David Bourget (Western Ontario)
David Chalmers (ANU, NYU)
Rafael De Clercq
Jack Alan Reynolds
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Zygon 44 (4):879-893 (2009)
Swedish naturalist Carl von Linné (1707–1778) became known during his lifetime as a "second Adam" because of his taxonomic endeavors. The significance of this epithet was that in Genesis Adam was reported to have named the beasts—an episode that was usually interpreted to mean that Adam possessed a scientific knowledge of nature and a perfect taxonomy. Linnaeus's soubriquet exemplifies the way in which the Genesis narratives of creation were used in the early modern period to give religious legitimacy to scientific activities and to taxonomy in particular. Allusions to Adam's work in the Garden of Eden thus became a way of investing the vocation of the naturalist with religious significance.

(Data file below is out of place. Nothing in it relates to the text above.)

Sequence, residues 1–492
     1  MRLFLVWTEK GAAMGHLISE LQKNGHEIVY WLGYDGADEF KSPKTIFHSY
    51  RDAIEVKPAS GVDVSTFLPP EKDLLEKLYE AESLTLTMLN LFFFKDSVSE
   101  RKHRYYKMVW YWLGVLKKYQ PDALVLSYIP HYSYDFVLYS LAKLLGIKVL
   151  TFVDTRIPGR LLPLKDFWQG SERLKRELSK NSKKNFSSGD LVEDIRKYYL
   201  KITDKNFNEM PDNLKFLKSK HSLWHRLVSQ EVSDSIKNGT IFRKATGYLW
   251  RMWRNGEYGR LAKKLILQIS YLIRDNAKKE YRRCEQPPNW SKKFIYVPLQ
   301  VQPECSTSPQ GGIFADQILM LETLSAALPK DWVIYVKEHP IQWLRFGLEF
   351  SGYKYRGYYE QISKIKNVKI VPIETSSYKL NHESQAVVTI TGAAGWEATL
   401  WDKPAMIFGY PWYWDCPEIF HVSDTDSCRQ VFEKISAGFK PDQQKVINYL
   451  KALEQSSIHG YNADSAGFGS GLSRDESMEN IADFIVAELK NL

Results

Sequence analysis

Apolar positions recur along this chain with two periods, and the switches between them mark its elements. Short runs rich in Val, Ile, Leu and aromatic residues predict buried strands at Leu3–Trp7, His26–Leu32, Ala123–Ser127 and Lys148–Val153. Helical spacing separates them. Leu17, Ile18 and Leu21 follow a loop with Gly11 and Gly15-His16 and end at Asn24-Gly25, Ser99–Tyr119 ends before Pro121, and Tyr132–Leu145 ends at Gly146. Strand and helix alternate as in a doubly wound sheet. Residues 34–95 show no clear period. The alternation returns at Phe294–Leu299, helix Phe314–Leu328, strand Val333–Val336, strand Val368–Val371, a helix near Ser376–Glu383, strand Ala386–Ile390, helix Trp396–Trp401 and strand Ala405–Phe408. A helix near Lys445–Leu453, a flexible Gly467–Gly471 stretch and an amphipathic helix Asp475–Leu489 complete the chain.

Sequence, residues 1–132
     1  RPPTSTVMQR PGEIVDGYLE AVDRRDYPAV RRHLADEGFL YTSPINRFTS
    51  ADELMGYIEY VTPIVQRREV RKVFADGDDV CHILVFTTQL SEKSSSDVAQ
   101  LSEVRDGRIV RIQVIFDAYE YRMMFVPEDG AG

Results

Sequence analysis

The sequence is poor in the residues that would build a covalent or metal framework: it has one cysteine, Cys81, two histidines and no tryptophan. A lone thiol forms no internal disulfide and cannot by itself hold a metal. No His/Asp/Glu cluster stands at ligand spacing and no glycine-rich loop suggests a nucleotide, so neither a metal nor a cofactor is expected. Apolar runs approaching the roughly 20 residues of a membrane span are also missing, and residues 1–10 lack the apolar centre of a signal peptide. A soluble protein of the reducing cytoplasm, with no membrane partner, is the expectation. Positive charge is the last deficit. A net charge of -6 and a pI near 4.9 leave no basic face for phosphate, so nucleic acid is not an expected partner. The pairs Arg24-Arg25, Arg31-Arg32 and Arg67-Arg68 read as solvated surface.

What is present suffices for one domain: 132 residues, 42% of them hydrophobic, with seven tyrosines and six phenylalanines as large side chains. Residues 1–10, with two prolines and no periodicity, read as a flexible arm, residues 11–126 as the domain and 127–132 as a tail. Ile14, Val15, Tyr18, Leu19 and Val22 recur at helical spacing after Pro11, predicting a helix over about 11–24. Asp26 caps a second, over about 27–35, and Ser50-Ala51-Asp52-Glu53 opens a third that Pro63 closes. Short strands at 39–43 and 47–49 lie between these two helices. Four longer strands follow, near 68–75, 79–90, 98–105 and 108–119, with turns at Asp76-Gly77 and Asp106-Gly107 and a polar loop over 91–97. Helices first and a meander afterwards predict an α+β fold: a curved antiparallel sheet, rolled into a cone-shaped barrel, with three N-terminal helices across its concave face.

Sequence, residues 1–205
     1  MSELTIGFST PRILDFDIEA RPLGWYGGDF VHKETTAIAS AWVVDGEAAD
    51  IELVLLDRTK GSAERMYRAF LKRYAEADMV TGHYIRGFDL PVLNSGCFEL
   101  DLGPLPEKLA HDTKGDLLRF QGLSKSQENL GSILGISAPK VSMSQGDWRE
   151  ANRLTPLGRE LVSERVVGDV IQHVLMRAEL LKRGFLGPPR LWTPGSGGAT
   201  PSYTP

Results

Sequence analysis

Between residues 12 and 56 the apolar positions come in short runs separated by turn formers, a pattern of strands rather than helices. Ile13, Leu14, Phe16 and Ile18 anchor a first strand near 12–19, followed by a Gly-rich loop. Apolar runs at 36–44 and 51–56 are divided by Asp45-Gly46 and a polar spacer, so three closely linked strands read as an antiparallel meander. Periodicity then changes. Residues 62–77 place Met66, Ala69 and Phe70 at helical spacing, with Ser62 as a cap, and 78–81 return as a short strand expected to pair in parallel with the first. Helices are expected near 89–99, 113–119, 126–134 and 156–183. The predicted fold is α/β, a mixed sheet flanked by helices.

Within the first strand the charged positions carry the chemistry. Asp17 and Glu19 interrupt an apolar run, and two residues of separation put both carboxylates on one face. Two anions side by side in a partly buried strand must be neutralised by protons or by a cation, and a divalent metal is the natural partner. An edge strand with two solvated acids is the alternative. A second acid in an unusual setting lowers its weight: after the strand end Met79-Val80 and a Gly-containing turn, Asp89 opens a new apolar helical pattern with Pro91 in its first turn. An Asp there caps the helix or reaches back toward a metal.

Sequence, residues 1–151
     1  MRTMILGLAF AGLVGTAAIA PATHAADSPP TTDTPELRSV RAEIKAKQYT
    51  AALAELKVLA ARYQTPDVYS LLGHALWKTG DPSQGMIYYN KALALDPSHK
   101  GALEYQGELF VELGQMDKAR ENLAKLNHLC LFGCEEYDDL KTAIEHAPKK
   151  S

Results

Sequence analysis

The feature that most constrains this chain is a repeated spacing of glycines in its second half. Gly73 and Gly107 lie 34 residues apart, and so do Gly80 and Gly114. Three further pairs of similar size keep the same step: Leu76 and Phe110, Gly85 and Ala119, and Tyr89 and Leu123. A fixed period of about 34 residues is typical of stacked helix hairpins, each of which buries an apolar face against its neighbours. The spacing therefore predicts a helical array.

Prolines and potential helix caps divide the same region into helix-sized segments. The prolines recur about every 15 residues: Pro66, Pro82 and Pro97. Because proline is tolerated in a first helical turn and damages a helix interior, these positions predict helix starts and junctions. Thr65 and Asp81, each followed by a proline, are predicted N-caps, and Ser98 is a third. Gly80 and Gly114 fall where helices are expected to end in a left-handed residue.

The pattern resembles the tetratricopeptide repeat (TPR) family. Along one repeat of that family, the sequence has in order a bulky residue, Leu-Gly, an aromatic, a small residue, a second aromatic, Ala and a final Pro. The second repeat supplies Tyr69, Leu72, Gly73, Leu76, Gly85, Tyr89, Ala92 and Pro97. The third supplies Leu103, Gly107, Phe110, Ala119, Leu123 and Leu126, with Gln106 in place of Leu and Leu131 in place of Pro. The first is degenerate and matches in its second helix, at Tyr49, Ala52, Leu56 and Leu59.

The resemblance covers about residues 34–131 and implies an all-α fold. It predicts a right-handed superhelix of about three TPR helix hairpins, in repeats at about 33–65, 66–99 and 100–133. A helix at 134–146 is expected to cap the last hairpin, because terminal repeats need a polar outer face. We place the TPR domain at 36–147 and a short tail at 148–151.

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References found in this work BETA
Aristotle (1984). The Complete Works of Aristotle: The Revised Oxford Translation. Princeton University Press.
Francis Bacon (1851/2001). The Advancement of Learning. Modern Library.
Francis Bacon (1969). The Works of Francis Bacon. St. Clair Shores, Mich.,Scholarly Press.
René Descartes (1984). The Philosophical Writings of Descartes. Cambridge University Press.
Michel Foucault (1970). The Order of Things. Tavistock.
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